Last August we published a three-day-a-week marathon-training program developed by researchers Bill Pierce and Scott Murr called the Furman Institute of Running and Scientific Training program, or FIRST plan. After 16 weeks on this no-frills program, 13 veteran marathoners improved on their most recent times by an average of almost 20 minutes at the December 2004 Kiawah Island Marathon in South Carolina.It was the August issue where the FIRST program was written about by Amby Burfoot.
Avid readers are aware I have been running the FIRST program since September 2005 and doing quite well with it. I took my 5K PR down twice since I started and in addition ran PR's on 2 courses, bettering the previous year's time by almost 2 minutes in both cases. My mileage this year has been averaging over 20 per week and over 7 per day. The speed/pace day (Tuesday), the tempo day (Thursday) and the distance day (usually Sunday) have combined to bring my fitness level to a point where I was in my 20's. (Note, regular readers may recall that I am in my 50's now.)
The Pacers switched the long run from Sunday to Saturday this week, in advance of the blizzard and it was a good thing they did so. This was my second run at 13 miles since 1978 (the first was last week). We ran the same time as last week but this one felt so much better. After ensuring the group at the back of the pack knew the course, I used Vine St to catch the front pack. It felt good to be able to pick up the pace and catch them. It felt even better to be able to stay with them for the remainder of the run. It felt still better to feel that if the push came to it, I could still have found another gear.
So the FIRST program works. If you have not looked at it closely, I would encourage you to do so.
Only three days to run per week?
Yes, but the days are quality runs.
What kind of mileage can you reach?
Look at the marathon plan, they peak at 32 miles in a single week and then look at the results!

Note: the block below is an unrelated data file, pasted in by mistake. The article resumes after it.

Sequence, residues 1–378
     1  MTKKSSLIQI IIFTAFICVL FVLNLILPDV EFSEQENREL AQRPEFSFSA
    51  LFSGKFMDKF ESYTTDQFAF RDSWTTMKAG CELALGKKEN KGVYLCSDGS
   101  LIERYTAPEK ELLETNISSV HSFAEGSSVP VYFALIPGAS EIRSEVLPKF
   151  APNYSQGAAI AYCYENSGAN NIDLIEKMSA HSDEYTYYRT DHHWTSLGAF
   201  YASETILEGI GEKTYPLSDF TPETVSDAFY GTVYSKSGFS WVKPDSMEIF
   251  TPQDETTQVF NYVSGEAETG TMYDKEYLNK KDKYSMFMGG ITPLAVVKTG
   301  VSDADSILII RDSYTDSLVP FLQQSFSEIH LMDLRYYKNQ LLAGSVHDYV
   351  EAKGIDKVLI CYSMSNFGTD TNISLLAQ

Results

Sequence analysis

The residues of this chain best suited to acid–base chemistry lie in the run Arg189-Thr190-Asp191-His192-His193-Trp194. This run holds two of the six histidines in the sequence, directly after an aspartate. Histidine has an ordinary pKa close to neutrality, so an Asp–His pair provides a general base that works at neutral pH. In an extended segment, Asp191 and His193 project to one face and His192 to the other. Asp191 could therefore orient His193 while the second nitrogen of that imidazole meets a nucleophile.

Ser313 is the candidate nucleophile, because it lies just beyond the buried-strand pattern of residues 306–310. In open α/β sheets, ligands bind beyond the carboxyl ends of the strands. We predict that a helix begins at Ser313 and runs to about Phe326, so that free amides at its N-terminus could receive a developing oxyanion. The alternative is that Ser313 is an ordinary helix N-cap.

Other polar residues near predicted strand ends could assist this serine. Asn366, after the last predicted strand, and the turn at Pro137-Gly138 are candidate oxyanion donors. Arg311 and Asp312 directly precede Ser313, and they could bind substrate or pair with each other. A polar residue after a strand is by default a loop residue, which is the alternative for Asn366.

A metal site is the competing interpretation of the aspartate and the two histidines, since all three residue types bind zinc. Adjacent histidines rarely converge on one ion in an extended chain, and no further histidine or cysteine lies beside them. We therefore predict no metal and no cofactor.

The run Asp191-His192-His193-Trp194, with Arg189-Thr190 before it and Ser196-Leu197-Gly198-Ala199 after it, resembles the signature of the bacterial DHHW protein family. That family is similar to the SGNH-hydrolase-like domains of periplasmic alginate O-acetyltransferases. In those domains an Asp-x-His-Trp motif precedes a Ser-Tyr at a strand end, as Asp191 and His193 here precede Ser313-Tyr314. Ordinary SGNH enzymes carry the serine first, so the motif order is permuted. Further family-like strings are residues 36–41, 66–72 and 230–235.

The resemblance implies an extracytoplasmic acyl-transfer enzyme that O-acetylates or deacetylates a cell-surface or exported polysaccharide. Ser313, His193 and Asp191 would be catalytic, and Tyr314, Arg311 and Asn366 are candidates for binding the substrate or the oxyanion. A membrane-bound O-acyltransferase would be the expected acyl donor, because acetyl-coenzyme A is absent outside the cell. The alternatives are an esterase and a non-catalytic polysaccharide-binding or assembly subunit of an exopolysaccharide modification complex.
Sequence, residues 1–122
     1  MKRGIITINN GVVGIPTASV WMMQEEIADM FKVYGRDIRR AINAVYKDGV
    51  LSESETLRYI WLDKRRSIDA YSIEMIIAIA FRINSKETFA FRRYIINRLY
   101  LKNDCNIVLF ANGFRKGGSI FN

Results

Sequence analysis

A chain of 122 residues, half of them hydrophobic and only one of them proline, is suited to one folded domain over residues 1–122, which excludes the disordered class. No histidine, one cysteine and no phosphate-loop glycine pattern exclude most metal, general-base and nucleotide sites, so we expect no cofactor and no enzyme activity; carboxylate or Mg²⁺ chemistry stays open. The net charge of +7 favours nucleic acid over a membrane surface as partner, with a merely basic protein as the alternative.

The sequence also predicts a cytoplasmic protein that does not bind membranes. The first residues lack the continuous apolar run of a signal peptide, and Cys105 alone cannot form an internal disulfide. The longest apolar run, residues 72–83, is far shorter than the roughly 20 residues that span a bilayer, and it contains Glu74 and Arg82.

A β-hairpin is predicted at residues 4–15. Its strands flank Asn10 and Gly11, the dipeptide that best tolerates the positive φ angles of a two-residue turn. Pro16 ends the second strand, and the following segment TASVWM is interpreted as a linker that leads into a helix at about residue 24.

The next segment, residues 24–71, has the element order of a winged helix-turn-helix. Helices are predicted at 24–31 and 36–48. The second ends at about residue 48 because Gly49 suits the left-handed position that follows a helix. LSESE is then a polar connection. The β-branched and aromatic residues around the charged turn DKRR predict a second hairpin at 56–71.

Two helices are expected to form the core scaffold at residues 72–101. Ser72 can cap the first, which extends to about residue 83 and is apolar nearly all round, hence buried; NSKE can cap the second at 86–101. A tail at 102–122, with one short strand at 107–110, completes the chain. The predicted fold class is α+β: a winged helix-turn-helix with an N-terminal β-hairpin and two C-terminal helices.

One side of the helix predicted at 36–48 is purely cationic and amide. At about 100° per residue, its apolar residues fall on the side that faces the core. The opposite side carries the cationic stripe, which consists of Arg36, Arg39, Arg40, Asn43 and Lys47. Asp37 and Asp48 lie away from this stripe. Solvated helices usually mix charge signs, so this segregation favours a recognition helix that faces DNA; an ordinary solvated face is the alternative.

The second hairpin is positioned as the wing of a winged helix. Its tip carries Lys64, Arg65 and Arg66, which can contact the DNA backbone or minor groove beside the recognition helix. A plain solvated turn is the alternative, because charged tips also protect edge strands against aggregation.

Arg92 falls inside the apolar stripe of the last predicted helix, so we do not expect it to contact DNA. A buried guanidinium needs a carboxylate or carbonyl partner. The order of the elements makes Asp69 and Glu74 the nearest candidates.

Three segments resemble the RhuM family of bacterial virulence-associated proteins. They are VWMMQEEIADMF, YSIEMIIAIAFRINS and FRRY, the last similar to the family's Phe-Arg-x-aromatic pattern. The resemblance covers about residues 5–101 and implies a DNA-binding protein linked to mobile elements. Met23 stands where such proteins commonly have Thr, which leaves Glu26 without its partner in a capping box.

What about the results?
13 marathons improve their times by 20 minutes and in the second test, 14 of 17 marathons run PR's.
But I need the longer mileage?
You think you do, but you would better without it!
Why is the program successful?
Let me ask you this: Have you ever seen a home without doors or windows?
Good, I did not think so. Did you ever get hurt from resting?
Good, I did not think so.
What is the secret?
The secret to the program is proper rest. A big house doesn't do you any good with out a door to get in or out, or windows to open and let in the light and breeze. So the logic goes with the FIRST program: The days you run, you run quality. The days you rest, you are better prepared to run quality the next time you lace your shoes.
So it comes down to your choice: high mileage, multiple days, with results that depend upon staying healthy or three days, quality mileage, results almost guaranteed. (Nothing is ever a guarantee, even if they say so... there is no such thing in life as a real guarantee!)
This issue of Runner's World has a half marathon plan according to the FIRST program.
I also crafted a 10K plan and a 5K according to the FIRST program. Both were of shorter duration and based upon a fitness level of about 20 miles per week. If you need any modification to these plans for your own goal, let me know and I would be willing to craft one for you.